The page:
(even the Danish archipelago) and the rest of continental Europe. In Norway, similarly, one speaks about Kontinentet as a separate entity, usually referring to Germany, France, Italy, Spain, Portugal, the Benelux
Benelux
countries, and such. Today, the Scandinavian peninsula
Scandinavian peninsula
is accessible by train and road with several bridge/tunnel structures connecting the Danish peninsula of Jutland
Jutland
to Scania
Scania
in Sweden. Mediterranean and Atlantic islands[edit] The Continent
Continent
may sometimes refer to the continental part of Italy (excluding Sardinia, Sicily, etc.), the continental part of Spain (excluding the Balearic islands, the Canary Islands, Alboran, etc.), the continental part of France
France
(excluding Corsica, etc.), the continental part of Portugal
Portugal
(excluding the Madeira
Madeira
and Azores islands), or the continental part of Greece (excluding the Ionian Islands, the Aegean Islands, and Crete). The term is used from the perspective of the island residents of each country to describe the continental portion of their country or the continent (or mainland) as a whole. See also[edit]

Continental philosophy Geopolitical divisions of Europe Geographical midpoint of Europe Mainland Western Europe Hajnal line

References[edit]

^ "Merriam Webster dictionary definition".  ^ Marc Trachtenberg, Between Empire and Alliance: America and Europe During the Cold War (2003), p 67. Adrian Hyde-Price, Germany
Germany
and European Order: Enlarging NATO
NATO
and the EU (2000), p. 128. ^ Oakley, Robin (April 19, 2005). " Europe
Europe
no star as election issue". CNN. Retrieved April 30, 2010.  ^ Fog in Channel? (book) ^ Fraser, Douglas (August 15, 2011). "Britain pushes hard choices for Europe's hard core". BBC News.  ^ http://www.bbc.co.uk/news/uk-33709244

v t e

Europe articles

History

Chronology

Prehistory Classical antiquity Late antiquity Middle Ages Early modernity World War I
World War I
& II Pax Europaea Crisis situations and unrest since 2000

By topic

Military Sovereignty

predecessor states

Geography

Areas and populations Countries by area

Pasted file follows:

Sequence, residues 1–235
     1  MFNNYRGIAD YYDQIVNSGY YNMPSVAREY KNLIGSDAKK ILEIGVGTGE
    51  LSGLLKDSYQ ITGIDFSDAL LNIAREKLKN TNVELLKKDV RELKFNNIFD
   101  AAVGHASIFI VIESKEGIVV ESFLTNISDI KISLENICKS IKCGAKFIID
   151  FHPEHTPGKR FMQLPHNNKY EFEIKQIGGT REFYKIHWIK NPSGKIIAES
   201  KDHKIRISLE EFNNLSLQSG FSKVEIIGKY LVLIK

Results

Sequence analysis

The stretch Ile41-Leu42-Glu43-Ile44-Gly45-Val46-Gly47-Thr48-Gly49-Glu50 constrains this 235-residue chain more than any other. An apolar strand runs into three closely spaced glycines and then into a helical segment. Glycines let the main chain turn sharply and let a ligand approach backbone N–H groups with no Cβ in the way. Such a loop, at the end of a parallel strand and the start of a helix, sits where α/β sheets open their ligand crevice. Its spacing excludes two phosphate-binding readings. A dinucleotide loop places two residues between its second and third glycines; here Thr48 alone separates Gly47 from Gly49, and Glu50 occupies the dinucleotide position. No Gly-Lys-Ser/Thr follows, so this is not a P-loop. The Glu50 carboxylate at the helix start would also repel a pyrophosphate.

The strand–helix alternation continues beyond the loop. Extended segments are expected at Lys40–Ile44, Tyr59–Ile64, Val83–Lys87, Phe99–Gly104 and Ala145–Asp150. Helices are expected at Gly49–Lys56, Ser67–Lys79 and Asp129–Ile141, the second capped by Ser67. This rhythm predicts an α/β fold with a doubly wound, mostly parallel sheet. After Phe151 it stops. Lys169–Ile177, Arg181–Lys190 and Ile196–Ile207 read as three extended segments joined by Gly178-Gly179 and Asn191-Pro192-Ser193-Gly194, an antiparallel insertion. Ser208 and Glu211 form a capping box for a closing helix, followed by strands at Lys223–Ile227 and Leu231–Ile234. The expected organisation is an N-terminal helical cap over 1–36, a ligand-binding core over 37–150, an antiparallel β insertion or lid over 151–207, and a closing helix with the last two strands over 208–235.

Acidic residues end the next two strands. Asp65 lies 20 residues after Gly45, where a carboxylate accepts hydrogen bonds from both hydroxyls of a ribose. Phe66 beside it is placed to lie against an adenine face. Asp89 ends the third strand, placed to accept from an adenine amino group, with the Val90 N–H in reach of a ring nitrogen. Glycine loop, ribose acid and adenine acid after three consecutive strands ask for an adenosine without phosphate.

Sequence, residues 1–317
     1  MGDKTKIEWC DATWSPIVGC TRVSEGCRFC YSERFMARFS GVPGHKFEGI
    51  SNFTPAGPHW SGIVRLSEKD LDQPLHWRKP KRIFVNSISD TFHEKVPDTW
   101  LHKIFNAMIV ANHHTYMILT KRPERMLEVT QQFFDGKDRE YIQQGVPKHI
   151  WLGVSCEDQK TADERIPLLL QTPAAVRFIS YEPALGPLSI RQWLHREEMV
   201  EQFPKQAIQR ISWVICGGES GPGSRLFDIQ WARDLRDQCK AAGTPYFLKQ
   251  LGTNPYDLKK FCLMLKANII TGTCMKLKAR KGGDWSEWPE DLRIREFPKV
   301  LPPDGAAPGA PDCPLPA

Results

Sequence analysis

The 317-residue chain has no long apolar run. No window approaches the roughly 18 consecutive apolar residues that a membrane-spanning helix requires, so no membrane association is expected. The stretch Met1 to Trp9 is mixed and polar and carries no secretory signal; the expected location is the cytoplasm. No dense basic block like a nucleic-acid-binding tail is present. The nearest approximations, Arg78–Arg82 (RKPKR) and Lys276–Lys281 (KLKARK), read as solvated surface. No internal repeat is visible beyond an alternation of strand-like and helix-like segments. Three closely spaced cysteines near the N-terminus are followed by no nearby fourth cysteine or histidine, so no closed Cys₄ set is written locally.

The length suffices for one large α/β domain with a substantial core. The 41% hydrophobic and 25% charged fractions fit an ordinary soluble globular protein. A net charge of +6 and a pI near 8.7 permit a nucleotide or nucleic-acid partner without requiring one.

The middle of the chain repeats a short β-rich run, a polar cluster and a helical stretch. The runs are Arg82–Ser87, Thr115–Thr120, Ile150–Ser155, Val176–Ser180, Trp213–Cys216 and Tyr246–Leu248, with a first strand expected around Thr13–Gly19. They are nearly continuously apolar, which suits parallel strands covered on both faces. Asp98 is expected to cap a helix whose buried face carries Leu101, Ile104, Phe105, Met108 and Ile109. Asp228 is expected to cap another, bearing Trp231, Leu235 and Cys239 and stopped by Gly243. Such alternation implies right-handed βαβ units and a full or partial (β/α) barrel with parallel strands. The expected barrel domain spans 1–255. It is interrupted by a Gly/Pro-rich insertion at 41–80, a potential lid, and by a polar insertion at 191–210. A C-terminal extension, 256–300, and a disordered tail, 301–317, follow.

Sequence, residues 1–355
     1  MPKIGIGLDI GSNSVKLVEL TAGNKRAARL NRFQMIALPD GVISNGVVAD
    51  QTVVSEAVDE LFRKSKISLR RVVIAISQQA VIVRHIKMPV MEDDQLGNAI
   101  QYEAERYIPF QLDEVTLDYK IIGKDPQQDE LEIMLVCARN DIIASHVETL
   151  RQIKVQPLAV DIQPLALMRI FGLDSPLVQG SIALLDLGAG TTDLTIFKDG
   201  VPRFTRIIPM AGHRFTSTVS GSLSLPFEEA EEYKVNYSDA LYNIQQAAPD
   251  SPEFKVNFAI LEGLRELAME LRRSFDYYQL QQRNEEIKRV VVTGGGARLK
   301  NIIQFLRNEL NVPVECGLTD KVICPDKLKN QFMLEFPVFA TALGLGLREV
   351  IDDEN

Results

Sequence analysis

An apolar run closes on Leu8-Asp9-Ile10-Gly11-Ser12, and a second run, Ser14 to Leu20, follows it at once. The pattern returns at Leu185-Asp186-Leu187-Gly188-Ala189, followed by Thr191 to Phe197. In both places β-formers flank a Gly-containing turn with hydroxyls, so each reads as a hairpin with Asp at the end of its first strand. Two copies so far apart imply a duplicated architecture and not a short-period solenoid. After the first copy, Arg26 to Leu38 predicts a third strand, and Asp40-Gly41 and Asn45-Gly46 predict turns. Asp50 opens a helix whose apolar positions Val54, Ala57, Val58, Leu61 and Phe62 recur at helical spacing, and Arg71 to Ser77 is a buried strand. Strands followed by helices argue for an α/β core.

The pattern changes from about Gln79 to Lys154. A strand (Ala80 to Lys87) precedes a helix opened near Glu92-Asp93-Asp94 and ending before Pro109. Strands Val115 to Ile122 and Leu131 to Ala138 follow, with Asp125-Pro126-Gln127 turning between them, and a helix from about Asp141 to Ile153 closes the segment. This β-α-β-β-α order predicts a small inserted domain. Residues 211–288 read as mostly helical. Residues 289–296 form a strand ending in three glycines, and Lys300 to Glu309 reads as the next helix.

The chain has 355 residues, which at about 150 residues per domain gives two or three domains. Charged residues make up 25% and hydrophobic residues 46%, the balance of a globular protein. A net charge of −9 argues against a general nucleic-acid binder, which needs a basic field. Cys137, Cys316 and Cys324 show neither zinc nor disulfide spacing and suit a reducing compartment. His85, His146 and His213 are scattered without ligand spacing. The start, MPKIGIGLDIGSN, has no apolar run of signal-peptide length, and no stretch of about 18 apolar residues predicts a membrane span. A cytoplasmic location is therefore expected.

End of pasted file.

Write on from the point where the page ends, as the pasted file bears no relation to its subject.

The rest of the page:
European microstates

Largest metropolitan areas Cities Extreme points Geology Islands Lakes Mountains Rivers Sovereign states and dependent territories

by population

Villages

Politics

Eurosphere International organisations Integration Law Politics Post-Soviet Europe Transatlantic relations

Intergovernmental

Commonwealth of Independent States
Commonwealth of Independent States
(CIS) Council of Europe
Europe
(CoE) Collective Security Treaty Organisation (CSTO) GUAM Organization North Atlantic Treaty Organisation (NATO) Organization for Security and Co-operation in Europe
Europe
(OSCE)

statistics

European Union

Economy

relations free trade agreements

Education European Economic Area
European Economic Area
(EEA) European Neighbourhood Policy
European Neighbourhood Policy
(ENP) European Union
European Union
Customs Union (EUCU) Eurozone Foreign relations Members

enlargement

Politics Schengen Area Statistics Visa policy

Economy

History Financial (and social) rankings Free trade areas Energy Telecommunications Transport

Intergovernmental

Central European Free Trade Agreement
Central European Free Trade Agreement
(CEFTA) Customs Union of Belarus, Kazakhstan, and Russia
Customs Union of Belarus, Kazakhstan, and Russia
(CUBKR) Eurasian Economic Community
Eurasian Economic Community
(EAEC) European Free Trade Association
European Free Trade Association
(EFTA)

Sovereign states by

Average wage Budget revenues

per capita

Corruption index GDP (nominal)

per capita

GDP (PPP)

per capita

GNI (nominal) per capita GNI (PPP) per capita HDI Internet users (%) Minimum wage Press Freedom Index Unemployment rate (%) Health expense per capita Military spending (%) Childhood population (%) Urban population (%) Life expectancy Electricity use per capita

Society

Etiquette Social (and financial) rankings Languages

endangered

Universities

Bologna Process Erasmus

Culture

Art

painting sculpture

Architecture Capital of Culture Cinema

film festivals

Classical music Cuisine Dance Literature Philosophy Religion

Christianity Islam Judaism

Sport Symbols

Demographics

Ageing Ethnic groups

genetic history

Immigration Life expectancy Retirement

Outline Index

Ca

.